Here we have a straw man argument. The question isn’t whether the district schools are “good” but rather whether they’re the best fit for all the kids who happen to live nearby. Even a school that performs very well on average can’t be all things to all students, which is why the system should empower parents to choose the schools that align with their values and work best for their children.

So why do they want help paying private school tuition? The short answer is that many of them want education infused with their faith. […] That’s perfectly fine. But Florida taxpayers should not be forced to contribute to the religious education of any child.

Again, as the court ruled, these are private funds. No taxpayer is forced to contribute to a scholarship organization. If a taxpayer doesn’t want to support religious education, they need only refrain from donating to the scholarship organizations, which is certainly their right.

By contrast, all taxpayers are forced to pay into the district school system, even if they have moral objections to what is taught there. If the AU really cared so much about coercion, they should support entirely privatizing education so that no one is forced to subsidize an education with which they disagree.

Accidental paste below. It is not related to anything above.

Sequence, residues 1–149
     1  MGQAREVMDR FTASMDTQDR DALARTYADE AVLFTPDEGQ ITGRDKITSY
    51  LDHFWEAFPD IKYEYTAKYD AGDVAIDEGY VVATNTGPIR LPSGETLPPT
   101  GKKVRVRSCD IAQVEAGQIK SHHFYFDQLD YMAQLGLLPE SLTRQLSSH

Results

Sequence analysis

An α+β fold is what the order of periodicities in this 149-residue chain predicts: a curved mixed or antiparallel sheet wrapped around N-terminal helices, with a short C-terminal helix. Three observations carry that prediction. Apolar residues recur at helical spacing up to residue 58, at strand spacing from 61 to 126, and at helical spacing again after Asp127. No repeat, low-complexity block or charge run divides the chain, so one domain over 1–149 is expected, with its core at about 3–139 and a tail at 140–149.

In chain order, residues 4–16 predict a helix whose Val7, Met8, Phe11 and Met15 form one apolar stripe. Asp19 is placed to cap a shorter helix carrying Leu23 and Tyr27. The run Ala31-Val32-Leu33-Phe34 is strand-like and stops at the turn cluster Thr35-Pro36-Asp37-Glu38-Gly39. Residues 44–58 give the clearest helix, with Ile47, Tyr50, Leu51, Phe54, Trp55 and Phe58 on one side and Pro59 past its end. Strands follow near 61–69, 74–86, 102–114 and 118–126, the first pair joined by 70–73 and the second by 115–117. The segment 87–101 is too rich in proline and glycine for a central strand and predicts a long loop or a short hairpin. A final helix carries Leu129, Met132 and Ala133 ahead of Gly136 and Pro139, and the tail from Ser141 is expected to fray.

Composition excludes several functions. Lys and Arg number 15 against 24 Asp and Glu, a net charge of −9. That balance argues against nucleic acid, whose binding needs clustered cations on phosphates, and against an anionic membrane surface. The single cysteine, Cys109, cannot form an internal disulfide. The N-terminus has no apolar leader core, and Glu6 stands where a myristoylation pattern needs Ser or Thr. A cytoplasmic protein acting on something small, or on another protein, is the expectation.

Case Dismissed Again: Another Victory for School Choice in Florida

August 16, 2016

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(Guest Post by Jason Bedrick)

It seems Friday’s update on pending school choice lawsuits came a few days too soon. Today, a three-judge panel of appellate court judges in Florida has unanimously dismissed the teachers’ union’s lawsuit against the Florida Tax Credit Scholarship Program, holding that the plaintiffs lacked standing because they were unable to prove that they were harmed by the program and because the program is privately (not publicly) funded.